By ANDREW NELSON, Staff Writer | Published March 16, 2022
CONYERS—As the Divine Liturgy concluded at Mother of God Ukrainian Catholic Church, the priest standing before the altar led the faithful to pray for “mercy and compassions” for the people in his homeland as “enemies have once more gathered together, in order to cause division and enmity.”
It was the second Sunday of the Great Lent at the Conyers church, some 25 miles east of Atlanta. It draws people with Ukrainian heritage, and others attracted to its spirituality.
The three dozen worshippers in the wooden pews attending the English liturgy filled the modest-sized church. Brightly colored sacred paintings of Jesus’ miracles and icons of the Virgin Mary, Jesus and other revered holy men cover every wall and the ceiling.
“Visit your mercies and compassions upon your humble servants,” Father Volodymyr Petrytsya chanted wearing flowing golden vestments. “Judge them that provoke and make war, and turn their impious boldness into fear and flight. But grant unto the just and God-fearing armies of the children of Ukraine, great boldness and courage to advance and overtake them, and to defeat them in your name.”
Father Petrytsya, 33, is the spiritual leader here. The Ukrainian-born priest watches from afar as his country is devastated by the invading Russian military. He arrived here in 2015, two years after his ordination and a short time in Florida.
“There are no words to describe. There is lots of pain for all the people who suffer unjustly,” he said in an interview.
The Mother of God Ukrainian Catholic Church is a member of the Eparchy of St. Josaphat, located in Parma, Ohio. The Ukrainian Catholic Church is the largest of the Byzantine Eastern Catholic Churches. It is rooted in its ancient faith celebrated with elaborate rituals with Pope Francis holding the highest religious authority. Another Ukrainian Catholic Church is in Augusta.
Ukrainian pride is on display, as people fly the yellow and blue national flag on their cars. There are some 15,268 residents of Georgia who trace their roots to Ukraine, according to the 2019 American Community Survey. And just under 12,000 live in the Atlanta region.
The church in Conyers began more than 20 years ago. There are three services each weekend, two in English on Saturday and Sunday and one in Ukrainian on Sunday. An estimated 100 people attend the services.
Father Petrytsya has spoken to family members who live in west of the country while the east side is under siege and bombing by the Russian military. The war has not yet disrupted his family’s life but the threat of explosions and rockets landing nearby is distressing, he said.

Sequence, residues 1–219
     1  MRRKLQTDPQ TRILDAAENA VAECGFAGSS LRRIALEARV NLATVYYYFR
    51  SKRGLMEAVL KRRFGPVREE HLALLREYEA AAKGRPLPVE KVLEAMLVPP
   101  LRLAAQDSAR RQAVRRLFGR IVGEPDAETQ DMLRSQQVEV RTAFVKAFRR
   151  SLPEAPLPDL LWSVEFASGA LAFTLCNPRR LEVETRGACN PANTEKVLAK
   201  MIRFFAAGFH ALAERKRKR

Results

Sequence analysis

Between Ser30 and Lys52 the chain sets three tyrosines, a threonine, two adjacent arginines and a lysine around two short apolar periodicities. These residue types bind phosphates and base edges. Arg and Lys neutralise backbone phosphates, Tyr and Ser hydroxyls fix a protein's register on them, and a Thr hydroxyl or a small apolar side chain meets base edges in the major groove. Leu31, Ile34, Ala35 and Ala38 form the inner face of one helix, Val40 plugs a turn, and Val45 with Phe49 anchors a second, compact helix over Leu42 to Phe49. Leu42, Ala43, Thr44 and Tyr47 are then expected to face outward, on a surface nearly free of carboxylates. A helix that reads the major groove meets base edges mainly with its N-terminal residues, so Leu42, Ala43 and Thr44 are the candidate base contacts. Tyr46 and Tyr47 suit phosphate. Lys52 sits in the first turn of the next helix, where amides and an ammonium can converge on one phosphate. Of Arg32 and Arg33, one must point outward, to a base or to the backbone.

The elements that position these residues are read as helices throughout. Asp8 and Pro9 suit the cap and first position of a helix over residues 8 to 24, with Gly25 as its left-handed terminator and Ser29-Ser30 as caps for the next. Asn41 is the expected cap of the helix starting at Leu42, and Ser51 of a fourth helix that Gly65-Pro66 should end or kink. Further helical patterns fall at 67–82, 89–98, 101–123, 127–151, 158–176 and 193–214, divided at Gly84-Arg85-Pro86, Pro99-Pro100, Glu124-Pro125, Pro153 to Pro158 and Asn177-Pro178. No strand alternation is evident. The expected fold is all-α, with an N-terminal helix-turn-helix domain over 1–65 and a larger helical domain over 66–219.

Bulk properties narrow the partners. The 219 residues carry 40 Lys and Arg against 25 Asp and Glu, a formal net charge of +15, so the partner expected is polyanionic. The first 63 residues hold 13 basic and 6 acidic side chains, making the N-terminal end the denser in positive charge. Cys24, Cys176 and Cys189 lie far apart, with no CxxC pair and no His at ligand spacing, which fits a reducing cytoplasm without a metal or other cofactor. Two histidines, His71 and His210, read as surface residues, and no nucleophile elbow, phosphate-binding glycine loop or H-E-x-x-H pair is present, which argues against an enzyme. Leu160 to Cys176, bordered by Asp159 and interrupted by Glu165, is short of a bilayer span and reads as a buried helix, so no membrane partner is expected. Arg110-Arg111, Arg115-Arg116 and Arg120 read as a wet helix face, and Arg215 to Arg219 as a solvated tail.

Watching from a safe distance can be hard for some, he said.
“God placed them here. They have obligations” and can support the country from afar, he said. “Overall, it is heartbreaking.”
The war began on Feb. 24 when Russia sent its army into Ukraine.
The United Nations reported on March 14 refugees fleeing the war have topped more than 2.8 million people, most heading to Poland.
On March 7, the U.N. reported 406 killed and 801 injured since the attack. But the international agency said the “real figures are considerably higher” with the surge in bombings and attacks on civilian areas.
The source of consolation
Deborah Harrison is a second-generation Ukrainian American. Her grandparents immigrated from Eastern Europe just before World War I. She drives close to an hour to the Conyers parish from her home in Hoschton to worship.
“This touches my heart greatly. When there is a war, everyone suffers. Being these are Ukrainians, which is my heritage, it makes it even more heartfelt.”
Harrison, 64, a retired educator, said she feels also badly for the Russian people and the soldiers who “are fighting for an injustice, for lies that were given to them through propaganda.” People are dying for “no righteous cause,” she said.
The church has served as a source of consolation for many. People come to pray and be with each other.
“Many times, we come in and we hug each other in silence because we don’t know what to say,” she said.
Deacon Michael Guerrucci said the community is upset and distraught at what they see and read and is relying on prayer to turn back the war.
“By praying, God will open the door to peace,” he said.
Paul Sloniowski, 83, an Atlanta lawyer, came to attend the Ukrainian liturgy. Born in Canada, his parents were from Ukraine.
He said this conflict is rooted in Ukraine’s history of conquest by neighboring empires. The war exists because Ukraine is working to end “thousands of years of colonization,” he said.
Sloniowski said Russia’s attack represents a larger historical moment.
“We are fighting your battle. (Russian President Vladimir) Putin is on the march,” he said.
Anna La Lande, 42, served as a missionary for many years. She grew up in a Roman Catholic parish, but has been attracted for several years to the spirituality of the Eastern church. Her family tree traces to France, but feels connected to battles in Ukraine by faith.
“These are our brothers and sisters in Christ. We should be standing up and doing something for them,” she said. La Lande is a widow so she feels especially connected to families torn apart by the violence, knowing the deep feeling of grief.
Blue and yellow ribbons of the Ukrainian flag are pinned to Harrison’s shirt. She said while running errands people stop her to share stories of support. The influx of aid has temporarily overwhelmed the humanitarian assistance the church is collecting, according to the website.
The priest has gathered the community and encouraged them “to continue to pray and to stand strong,” Harrison said. “I would ask that everyone continues to pray because there is power in prayer.”
On Monday, March 28 at 7 p.m. the Archdiocese of Atlanta will host the Ukrainian Catholic and Ukrainian Orthodox communities in prayer at Holy Spirit Catholic Church, Atlanta.